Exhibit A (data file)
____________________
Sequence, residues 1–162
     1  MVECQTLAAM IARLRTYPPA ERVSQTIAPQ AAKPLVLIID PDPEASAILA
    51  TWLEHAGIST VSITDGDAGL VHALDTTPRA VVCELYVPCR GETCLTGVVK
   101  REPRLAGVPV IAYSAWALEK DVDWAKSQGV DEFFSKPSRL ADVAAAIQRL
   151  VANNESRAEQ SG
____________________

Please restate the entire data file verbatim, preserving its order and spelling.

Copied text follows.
Sequence, residues 1–162
     1  MVECQTLAAM IARLRTYPPA ERVSQTIAPQ AAKPLVLIID PDPEASAILA
    51  TWLEHAGIST VSITDGDAGL VHALDTTPRA VVCELYVPCR GETCLTGVVK
   101  REPRLAGVPV IAYSAWALEK DVDWAKSQGV DEFFSKPSRL ADVAAAIQRL
   151  VANNESRAEQ SG